WASHINGTON, DC — The United States is facing a plethora of terror threats that are progressively more menacing than the dangers faced during the 9/11 time period, top U.S. national security officials told lawmakers.
They cited a “renewed terrorist interest” in weapons of mass destruction (WMDs) and an overall “growing” radiological and nuclear menace as particular concerns.
Currently, the various U.S. agencies charged with homeland security, including the Department of Homeland Security (DHS) and the FBI, are reportedly handling a historic number of terrorism cases.
These revelations came during a House Homeland Security Committee hearing on worldwide terrorism threats gripping the United States.
High-ranking U.S. government officials, including DHS Acting Secretary Elaine Duke, National Counterterrorism Center (NCTC) Director Nicholas Rasmussen, and FBI Director Christopher Wray acknowledged that global jihadist groups represent the top threat facing Americans.
Nevertheless, they also highlighted the need to combat the menace posed by cyber adversaries and domestic terrorists, particularly ideologically-driven violent extremists such as racial supremacists and violent anarchists.
“There’s certainly other threats; from ballistic missiles, weapons of mass destruction programs in North Korea and Iran; to the continued undermining of American interests by nation-states, including Russia,” added Rep. Michael McCaul (R-TX), the chairman of the House panel.
Both the DHS secretary and NCTC director sounded the alarm on the U.S. facing a more potent terrorist landscape now than during the September 11, 2011, attacks carried out by al-Qaeda with the support of the Afghan Taliban.
Secretary Duke testified:
The terror threat in our country equals, and in many ways exceeds, the period around 9/11. We are seeing a surge in terrorist activity because the fundamentals of terrorism have changed.
Our enemies are crowdsourcing their violence online and promoting a do-it-yourself approach that involves using any weapons their followers can get their hands on…I also want to make it clear that DHS is not standing on the sidelines as these threats proliferate, and we will not allow frequent terrorism to become the new normal.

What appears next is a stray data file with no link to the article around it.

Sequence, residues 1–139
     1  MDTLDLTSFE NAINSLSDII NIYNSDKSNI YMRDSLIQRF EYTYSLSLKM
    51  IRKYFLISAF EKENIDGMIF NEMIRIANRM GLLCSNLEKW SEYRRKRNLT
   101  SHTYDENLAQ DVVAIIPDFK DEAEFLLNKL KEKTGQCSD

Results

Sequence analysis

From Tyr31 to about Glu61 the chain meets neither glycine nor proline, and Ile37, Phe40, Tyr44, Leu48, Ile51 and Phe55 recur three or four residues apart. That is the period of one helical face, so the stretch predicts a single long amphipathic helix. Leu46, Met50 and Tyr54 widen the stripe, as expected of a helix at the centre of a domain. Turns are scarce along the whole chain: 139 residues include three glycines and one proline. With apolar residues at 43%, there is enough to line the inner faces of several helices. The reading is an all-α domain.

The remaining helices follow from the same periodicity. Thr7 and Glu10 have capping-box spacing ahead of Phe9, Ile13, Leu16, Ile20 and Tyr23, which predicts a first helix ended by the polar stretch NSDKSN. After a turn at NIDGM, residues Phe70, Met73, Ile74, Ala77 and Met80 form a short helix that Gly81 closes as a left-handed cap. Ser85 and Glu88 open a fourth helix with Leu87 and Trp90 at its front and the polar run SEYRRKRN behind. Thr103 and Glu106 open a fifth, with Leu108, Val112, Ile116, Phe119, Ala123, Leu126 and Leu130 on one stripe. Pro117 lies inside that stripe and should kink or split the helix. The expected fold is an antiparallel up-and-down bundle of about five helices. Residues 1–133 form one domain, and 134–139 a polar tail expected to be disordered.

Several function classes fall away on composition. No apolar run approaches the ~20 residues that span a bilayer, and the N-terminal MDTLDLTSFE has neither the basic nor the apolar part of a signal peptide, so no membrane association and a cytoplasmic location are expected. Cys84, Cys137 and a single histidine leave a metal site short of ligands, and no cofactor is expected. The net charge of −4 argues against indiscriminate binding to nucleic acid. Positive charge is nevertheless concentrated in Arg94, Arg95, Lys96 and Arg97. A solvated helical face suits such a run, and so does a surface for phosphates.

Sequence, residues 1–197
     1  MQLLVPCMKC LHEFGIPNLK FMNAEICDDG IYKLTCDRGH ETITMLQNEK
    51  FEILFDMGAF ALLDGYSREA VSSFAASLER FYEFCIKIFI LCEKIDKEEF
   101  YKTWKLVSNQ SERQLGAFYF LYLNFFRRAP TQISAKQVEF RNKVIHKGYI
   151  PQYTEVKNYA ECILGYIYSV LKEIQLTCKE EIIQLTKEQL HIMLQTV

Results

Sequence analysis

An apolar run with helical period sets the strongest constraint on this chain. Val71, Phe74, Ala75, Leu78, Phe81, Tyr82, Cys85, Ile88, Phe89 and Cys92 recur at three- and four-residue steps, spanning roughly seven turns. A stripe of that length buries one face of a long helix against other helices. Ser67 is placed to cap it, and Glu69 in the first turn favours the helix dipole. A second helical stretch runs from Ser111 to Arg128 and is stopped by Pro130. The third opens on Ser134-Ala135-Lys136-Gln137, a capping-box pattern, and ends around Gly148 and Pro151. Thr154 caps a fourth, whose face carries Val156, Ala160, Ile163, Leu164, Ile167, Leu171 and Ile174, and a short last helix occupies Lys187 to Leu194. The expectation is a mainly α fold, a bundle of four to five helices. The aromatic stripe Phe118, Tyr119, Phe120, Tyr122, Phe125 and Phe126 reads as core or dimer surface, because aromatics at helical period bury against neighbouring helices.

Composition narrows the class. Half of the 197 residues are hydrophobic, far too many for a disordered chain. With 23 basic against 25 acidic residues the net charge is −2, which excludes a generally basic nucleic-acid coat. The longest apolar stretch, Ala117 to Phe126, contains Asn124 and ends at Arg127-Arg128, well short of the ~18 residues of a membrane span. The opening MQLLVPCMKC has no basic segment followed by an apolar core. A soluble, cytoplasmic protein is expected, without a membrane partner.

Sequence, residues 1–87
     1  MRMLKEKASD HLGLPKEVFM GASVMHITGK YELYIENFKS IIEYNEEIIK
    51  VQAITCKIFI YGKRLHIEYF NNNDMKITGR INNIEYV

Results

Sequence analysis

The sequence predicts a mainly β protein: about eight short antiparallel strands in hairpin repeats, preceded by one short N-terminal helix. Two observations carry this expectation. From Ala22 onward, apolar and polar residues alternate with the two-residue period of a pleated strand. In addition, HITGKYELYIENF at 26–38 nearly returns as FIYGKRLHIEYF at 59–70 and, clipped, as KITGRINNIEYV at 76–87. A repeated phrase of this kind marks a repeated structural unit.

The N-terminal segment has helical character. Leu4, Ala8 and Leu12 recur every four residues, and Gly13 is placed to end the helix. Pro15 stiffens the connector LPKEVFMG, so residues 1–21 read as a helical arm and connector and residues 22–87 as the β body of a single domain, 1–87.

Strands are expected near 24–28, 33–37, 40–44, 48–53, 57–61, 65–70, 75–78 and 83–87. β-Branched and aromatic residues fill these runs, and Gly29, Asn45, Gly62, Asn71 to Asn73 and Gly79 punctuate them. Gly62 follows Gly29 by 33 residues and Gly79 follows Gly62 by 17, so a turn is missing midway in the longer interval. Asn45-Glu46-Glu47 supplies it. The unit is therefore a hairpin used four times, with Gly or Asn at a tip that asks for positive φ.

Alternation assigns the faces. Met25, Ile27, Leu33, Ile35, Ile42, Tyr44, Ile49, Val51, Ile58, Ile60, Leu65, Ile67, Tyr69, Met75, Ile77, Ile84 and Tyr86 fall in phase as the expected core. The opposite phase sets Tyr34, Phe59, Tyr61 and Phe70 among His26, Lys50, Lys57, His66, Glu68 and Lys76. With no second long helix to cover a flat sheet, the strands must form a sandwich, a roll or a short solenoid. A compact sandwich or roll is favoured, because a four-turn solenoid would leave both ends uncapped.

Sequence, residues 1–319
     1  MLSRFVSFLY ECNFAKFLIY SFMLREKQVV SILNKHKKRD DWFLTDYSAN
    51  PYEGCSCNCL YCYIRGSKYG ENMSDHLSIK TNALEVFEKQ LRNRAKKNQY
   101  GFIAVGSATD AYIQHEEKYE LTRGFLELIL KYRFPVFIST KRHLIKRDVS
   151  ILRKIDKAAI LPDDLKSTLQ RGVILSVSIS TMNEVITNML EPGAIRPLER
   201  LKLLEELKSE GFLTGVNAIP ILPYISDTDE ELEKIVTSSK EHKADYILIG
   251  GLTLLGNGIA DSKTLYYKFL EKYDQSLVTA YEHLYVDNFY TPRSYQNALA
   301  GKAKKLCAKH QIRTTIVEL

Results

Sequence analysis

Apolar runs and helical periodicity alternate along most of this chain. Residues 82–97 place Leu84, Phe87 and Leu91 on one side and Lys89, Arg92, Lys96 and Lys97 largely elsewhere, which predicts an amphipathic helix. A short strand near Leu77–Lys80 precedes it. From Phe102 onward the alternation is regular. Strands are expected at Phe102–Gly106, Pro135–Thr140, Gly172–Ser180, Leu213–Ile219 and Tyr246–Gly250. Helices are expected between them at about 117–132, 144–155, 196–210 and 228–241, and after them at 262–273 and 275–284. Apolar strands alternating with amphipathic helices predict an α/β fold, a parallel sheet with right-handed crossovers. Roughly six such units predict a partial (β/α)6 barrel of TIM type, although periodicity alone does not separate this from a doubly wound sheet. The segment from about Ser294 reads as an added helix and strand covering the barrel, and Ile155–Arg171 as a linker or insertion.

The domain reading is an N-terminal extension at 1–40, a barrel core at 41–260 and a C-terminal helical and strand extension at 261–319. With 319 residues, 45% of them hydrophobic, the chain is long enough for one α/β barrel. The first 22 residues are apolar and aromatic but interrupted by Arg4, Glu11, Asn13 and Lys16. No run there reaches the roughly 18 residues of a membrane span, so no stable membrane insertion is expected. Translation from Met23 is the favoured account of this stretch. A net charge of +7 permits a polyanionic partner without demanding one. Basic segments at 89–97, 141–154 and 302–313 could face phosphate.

On the latest anniversary of the September 11 attacks, which killed and wounded an estimated 9,000 Americans, Breitbart News noted that the terrorist groups behind the assault have grown stronger despite the ongoing U.S. military efforts to annihilate them that began in 2001.
Echoing Duke, NCTC Director Rasmussen told lawmakers that terrorist groups currently pose “less predictable” and more complex threats than during 9/11.
The head of NCTC, a component of the Office of the Director of National Intelligence (ODNI), declared in his written testimony:
The threat landscape is less predictable and, while the scale of the capabilities currently demonstrated by most of these violent extremist actors does not rise to the level that core al-Qa’ida had on 9/11, it is fair to say that we face more threats originating in more places and involving more individuals than we have at any time in the past 16 years.
Although Duke acknowledged that terrorists had shown a “renewed” interest in acquiring WMDs, she refused to elaborate further in a public setting.
“Our intelligence professionals have seen renewed terrorist interest in WMD and are aware of concerning developments on these issues, which can be discussed further in an appropriate setting,” the DHS chief wrote in her prepared remarks.
She stressed that DHS is taking steps to address the department’s “inadequate” and “fragmented” approach to protecting Americans against chemical, biological, radiological, and nuclear (CBRN) threats.
Citing “the growing threats and the need to enhance DHS’s ability to help respond,” Duke revealed that the department would “launch a new office of countering weapons of mass destruction next week to consolidate and elevate DHS’s efforts to guard against” the CBRN menace.
The DHS secretary warned that the terrorist menace facing the United States is intensifying as American troops continue to step up their pressure on groups such as the Islamic State (ISIS/ISIL) and its so-called rival al-Qaeda (also spelled al-Qa’ida).
In her prepared remarks, Duke cautioned:
As our government takes the fight to groups such as ISIS and al-Qa’ida, we expect operatives to disperse and focus more heavily on external operations against the United States, our interests, and our allies. We are seeing an uptick in terrorist activity because the fundamentals of terrorism have evolved. This includes changes in terrorist operations, the profile of individual operatives, and the tactics they use.
With regard to operations, terrorist groups historically sought time and space to plot attacks. But now they have become highly networked online, allowing them to spread propaganda worldwide, recruit online, evade detection by plotting in virtual safe havens, and crowd-source attacks. The result is that our interagency partners and allies have tracked a record number of terrorism cases.
As the Islamic State (ISIS/ISIL) falls, al-Qaeda’s influence and strength is growing, according to several assessments.